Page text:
In the Name of Fighting Islamophobia, a Minnesota College Fires a Professor for Blasphemy

Dec. 29 2022

Teaching an art-history survey course this fall, a professor at Hamline University—a small liberal-arts college in St. Paul, Minnesota—dedicated a class session to Islamic art. That day, the professor showed students two medieval paintings of Mohammad, both by Muslim artists, and discussed the various Muslim attitudes toward such depictions. The president of the campus Muslim Students Association soon complained of Islamophobia, and Hamline administrators then announced that the instructor had been dismissed. Jonathan Zimmerman writes:

One Hamline faculty member—just one—publicly defended the professor, writing an essay for the [student newspaper] that pleaded for a historically informed discussion of the paintings. Two days later, the paper removed the essay from its website. And the day after that, in a message to all university employees, Hamline’s President Fayneese S. Miller and Associate Vice-President of Inclusive Excellence David Everett declared that “respect for the observant Muslims in that classroom should have superseded academic freedom.”

How about non-observant Muslims, and everyone else in the class? They get no respect. Nor does academic freedom, which was established to protect faculty against precisely the kind of attacks that sank the Hamline professor.

In dismissing its professor, Hamline claimed to be striking a blow for “inclusive excellence,” to quote David Everett’s grimly Orwellian title. But it actually reinforced ugly stereotypes of Muslims as intolerant, small-minded, and provincial. And it excluded the views of anybody else—including many Muslims—who might see the world differently from the offended students. That’s not excellence; it’s cowardice.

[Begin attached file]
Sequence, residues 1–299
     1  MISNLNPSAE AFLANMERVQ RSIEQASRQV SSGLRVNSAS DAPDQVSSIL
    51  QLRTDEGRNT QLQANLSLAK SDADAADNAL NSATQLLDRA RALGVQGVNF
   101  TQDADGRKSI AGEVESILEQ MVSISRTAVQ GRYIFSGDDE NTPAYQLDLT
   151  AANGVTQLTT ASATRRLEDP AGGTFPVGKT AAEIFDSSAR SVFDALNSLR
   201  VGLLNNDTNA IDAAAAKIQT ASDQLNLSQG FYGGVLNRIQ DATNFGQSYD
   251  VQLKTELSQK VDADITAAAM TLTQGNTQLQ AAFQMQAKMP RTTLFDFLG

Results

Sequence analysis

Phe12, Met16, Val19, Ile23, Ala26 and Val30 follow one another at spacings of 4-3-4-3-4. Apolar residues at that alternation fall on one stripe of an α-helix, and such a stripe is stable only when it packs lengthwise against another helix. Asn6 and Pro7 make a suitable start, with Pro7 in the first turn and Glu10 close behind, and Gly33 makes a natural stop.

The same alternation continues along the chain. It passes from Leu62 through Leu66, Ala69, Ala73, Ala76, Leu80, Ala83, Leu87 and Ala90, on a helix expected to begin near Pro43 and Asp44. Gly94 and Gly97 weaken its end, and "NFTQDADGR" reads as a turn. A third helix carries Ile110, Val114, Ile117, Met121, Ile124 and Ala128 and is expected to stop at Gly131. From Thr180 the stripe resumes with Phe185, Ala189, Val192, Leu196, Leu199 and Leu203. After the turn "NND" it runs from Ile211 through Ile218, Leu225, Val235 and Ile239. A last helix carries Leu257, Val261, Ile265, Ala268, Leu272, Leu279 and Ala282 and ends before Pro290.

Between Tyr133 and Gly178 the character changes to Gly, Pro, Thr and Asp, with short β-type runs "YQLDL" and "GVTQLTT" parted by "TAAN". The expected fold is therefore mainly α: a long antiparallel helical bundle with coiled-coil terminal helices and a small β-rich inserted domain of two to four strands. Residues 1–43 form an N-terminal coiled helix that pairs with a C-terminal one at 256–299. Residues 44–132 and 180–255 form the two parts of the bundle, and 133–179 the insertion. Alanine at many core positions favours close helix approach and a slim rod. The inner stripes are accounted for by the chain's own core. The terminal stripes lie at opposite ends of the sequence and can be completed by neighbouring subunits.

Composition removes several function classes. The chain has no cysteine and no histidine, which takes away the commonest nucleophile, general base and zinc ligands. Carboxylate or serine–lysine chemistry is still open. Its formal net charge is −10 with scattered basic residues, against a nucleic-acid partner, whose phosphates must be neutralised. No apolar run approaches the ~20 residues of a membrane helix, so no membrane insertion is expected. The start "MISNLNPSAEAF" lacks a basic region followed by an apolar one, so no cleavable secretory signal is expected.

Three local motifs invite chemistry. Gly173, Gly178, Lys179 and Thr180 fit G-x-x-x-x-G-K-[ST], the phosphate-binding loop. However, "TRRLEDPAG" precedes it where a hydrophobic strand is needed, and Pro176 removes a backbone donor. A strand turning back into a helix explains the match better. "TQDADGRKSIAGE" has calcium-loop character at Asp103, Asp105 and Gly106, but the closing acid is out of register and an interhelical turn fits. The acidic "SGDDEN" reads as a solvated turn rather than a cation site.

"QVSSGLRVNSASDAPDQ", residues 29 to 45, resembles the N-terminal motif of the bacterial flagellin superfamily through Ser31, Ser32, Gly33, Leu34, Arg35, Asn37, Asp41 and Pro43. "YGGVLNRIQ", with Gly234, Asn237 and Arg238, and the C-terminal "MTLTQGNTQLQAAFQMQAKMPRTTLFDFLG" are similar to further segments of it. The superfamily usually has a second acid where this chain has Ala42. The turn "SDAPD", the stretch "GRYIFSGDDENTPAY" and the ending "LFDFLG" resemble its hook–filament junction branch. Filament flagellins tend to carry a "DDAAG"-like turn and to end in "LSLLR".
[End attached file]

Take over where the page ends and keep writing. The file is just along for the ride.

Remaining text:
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Read more at New York Daily News

More about: Academia, Art history, Freedom of Religion, Radical Islam

Condemning Terrorism in Jerusalem—and Efforts to Stop It

Jan. 30 2023

On Friday night, a Palestinian opened fire at a group of Israelis standing outside a Jerusalem synagogue, killing seven and wounding several others. The day before, the IDF had been drawn into a gunfight in the West Bank city of Jenin while trying to arrest members of a terrorist cell. Of the nine Palestinians killed in the raid, only one appears to have been a noncombatant. Lahav Harkov compares the responses to the two events, beginning with the more recent:

President Joe Biden called Prime Minister Benjamin Netanyahu to denounce the attack, offer his condolences, and express his commitment to Israel’s security. Other leaders released supportive statements as well. Governments across Europe condemned the attack. Turkey’s foreign ministry did the same, as did Israel’s Abraham Accords partners the UAE and Bahrain. Even Saudi Arabia released a statement against the killing of civilians in Jerusalem.

It feels wrong to criticize those statements. . . . But the condemnations should be full-throated, not spoken out of one side of the mouth while the other is wishy-washy about what it takes to stave off terrorism. These very same leaders and ministries were tsk-tsking at Israel for doing just that only a day before the attacks in Jerusalem.

The context didn’t seem to matter to some countries that are friendly to Israel. It didn’t matter that Israel was trying to stop jihadists from attacking civilians; it didn’t matter that IDF soldiers were attacked on the way.

It’s very easy for some to be sad when Jews are murdered. Yet, at the same time, so many of them are uncomfortable with Jews asserting themselves, protecting themselves, arming themselves against the bloodthirsty horde that would hand out bonbons to celebrate their deaths. It’s a reminder of how important it is that we do just that, and how essential the state of Israel is.

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Read more at Lahav’s Newsletter

More about: Jerusalem, Palestinian terror